Getting Started with AWS Elastic Beanstalk, Part 2: Behind the Scenes
In the previous article in this series, I walked you through the process of creating an application in AWS Elastic Beanstalk. Now, I want to take a step back and show you what really happens behind the scenes when you set up a new application.
When you create a new Elastic Beanstalk application, the creation process causes a screen similar to the one that is shown in Figure 1 to be displayed. The specific elements on the screen are probably going to vary by application platform, but you can at least use the screen to gain a bit of insight as to how Elastic Beanstalk works. In this case, for example, Elastic Beanstalk has created several CloudWatch alarms, an auto scaling group and an EC2 instance.
Once the process completes, the screen shown above will disappear and you will be taken to a screen like the one shown in Figure 2. This screen shows you the overall health of your Elastic Beanstalk application, the platform that it is running on and any recent events that might have occurred. You can also access this same information by opening Elastic Beanstalk, selecting the Environments tab and then clicking on your application.
Now that the new application is up and running and is shown to be healthy, the next thing that you would probably want to do is to make sure that the application is accessible and that it is working as intended. Elastic Beanstalk is intended for use with web applications, so not surprisingly your application is available through a URL. If you look back at the previous figure, you will notice that a URL is being displayed just above the big green checkmark icon. Clicking on this URL causes a new browser tab to open and causes your application to be displayed. For the purposes of this article, I opted to use the sample application so clicking on the link takes me to a page saying "Congratulations! Your AWS Elastic Beanstalk ASP.NET application is now running on your own dedicated environment in the AWS cloud." Had I created a "real" application, that would have been displayed instead.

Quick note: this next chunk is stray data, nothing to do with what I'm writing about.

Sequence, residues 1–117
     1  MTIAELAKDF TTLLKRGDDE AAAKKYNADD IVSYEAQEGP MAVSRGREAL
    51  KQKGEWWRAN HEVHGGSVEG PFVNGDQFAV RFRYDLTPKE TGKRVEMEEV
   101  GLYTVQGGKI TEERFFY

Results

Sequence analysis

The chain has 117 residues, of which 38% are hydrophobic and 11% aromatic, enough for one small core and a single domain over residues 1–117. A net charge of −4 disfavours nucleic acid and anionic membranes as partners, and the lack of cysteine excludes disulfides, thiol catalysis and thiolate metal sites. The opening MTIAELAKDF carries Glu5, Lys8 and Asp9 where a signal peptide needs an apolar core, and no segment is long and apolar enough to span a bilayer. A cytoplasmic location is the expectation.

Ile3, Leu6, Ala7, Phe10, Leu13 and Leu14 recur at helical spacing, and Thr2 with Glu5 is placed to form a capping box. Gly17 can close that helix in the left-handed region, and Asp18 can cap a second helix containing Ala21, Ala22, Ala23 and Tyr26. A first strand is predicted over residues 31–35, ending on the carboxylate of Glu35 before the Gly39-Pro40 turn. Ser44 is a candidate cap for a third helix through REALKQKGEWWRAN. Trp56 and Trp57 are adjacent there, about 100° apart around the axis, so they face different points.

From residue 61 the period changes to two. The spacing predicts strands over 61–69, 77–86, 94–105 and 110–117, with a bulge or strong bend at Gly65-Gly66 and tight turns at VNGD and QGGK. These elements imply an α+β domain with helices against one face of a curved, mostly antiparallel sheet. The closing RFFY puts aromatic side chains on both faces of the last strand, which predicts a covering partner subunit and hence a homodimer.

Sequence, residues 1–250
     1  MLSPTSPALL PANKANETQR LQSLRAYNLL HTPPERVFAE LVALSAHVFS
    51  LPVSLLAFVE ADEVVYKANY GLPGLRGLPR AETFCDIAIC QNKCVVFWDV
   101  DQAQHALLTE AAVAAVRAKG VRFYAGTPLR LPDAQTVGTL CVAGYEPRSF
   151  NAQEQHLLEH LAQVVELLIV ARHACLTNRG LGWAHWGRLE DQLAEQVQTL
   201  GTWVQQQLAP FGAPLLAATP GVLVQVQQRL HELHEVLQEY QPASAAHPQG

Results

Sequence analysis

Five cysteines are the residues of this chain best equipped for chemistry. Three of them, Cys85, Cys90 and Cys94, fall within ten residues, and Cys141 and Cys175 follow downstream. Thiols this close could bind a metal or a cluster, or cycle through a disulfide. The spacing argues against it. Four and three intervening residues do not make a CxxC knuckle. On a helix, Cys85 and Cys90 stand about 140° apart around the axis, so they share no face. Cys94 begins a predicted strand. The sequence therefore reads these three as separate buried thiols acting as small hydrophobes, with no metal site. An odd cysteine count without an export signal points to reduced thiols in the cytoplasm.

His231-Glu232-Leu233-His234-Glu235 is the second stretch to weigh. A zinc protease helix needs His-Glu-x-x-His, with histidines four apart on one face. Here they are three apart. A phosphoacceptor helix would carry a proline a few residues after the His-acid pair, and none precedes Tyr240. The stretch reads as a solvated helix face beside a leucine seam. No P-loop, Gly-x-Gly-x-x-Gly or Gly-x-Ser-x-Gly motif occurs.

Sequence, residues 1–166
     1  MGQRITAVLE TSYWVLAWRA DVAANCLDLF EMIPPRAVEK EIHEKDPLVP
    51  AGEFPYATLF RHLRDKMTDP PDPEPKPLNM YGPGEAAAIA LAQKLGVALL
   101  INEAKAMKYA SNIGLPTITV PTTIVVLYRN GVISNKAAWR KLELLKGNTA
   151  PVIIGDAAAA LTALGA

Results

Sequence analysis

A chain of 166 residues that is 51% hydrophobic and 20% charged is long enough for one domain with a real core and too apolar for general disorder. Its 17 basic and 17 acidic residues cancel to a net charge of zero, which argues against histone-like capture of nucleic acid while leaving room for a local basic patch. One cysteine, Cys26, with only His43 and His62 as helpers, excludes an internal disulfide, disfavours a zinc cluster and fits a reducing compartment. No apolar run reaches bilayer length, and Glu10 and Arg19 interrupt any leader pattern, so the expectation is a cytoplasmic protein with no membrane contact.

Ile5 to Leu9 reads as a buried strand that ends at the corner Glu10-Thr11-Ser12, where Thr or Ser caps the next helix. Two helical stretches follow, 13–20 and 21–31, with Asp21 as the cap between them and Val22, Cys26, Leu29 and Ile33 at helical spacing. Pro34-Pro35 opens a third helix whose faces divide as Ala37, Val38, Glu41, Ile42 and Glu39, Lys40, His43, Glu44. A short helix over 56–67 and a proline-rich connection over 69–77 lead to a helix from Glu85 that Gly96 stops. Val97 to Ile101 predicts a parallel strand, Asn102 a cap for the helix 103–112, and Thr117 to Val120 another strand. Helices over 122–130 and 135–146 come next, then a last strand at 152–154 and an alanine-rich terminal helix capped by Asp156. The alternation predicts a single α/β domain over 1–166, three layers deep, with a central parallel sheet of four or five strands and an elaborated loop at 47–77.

As I explained in the first part of this article series, the whole point of using Elastic Beanstalk is that it allows your application to scale to accommodate demand. That being the case, you may be curious as to how much of a load is being placed on your application at a given moment.
If you look back at Figure 2, you will notice that there are a series of tabs on the left side of the screen and that these tabs allow you to access things like the environment's logs, health information, alarms, events and that sort of thing. If you want to know about the application's workload, then click on the Monitoring tab. This will cause the console to display a series of performance charts, similar to what you see in Figure 4.
The most important thing to pay attention to as you examine this chart is that the periods of time reflected by the various chart items are not consistent. The top portion of the screen contains an overview chart, which displays things like the number of healthy hosts, the target response time and the sum requests. The period for this overview chart is one hour, although you can set it to as little as one minute or as much as a day.
There are also a series of graphs that are displayed beneath the Overview chart. Whereas the Overview chart defaults to a period of an hour, however, the Monitoring graphs default to a period of three hours. In other words, the information shown in the Overview chart might not always correlate with the information in the Monitoring graph because the periods are different.
One last thing that you need to know about Elastic Beanstalk environments is that even though your application is running within a managed environment, there is always the chance that you may run into a problem. If that happens, you can simply rebuild the environment. If you look back at Figure 2, you will notice that there is an Actions button in the upper right corner. Clicking on this button exposes a menu that gives you options such as restarting the app sever, rebuilding the environment or even terminating the environment.
Brien Posey is a 22-time Microsoft MVP with decades of IT experience. As a freelance writer, Posey has written thousands of articles and contributed to several dozen books on a wide variety of IT topics. Prior to going freelance, Posey was a CIO for a national chain of hospitals and health care facilities. He has also served as a network administrator for some of the country's largest insurance companies and for the Department of Defense at Fort Knox. In addition to his continued work in IT, Posey has spent the last several years actively training as a commercial scientist-astronaut candidate in preparation to fly on a mission to study polar mesospheric clouds from space. You can follow his spaceflight training on his Web site.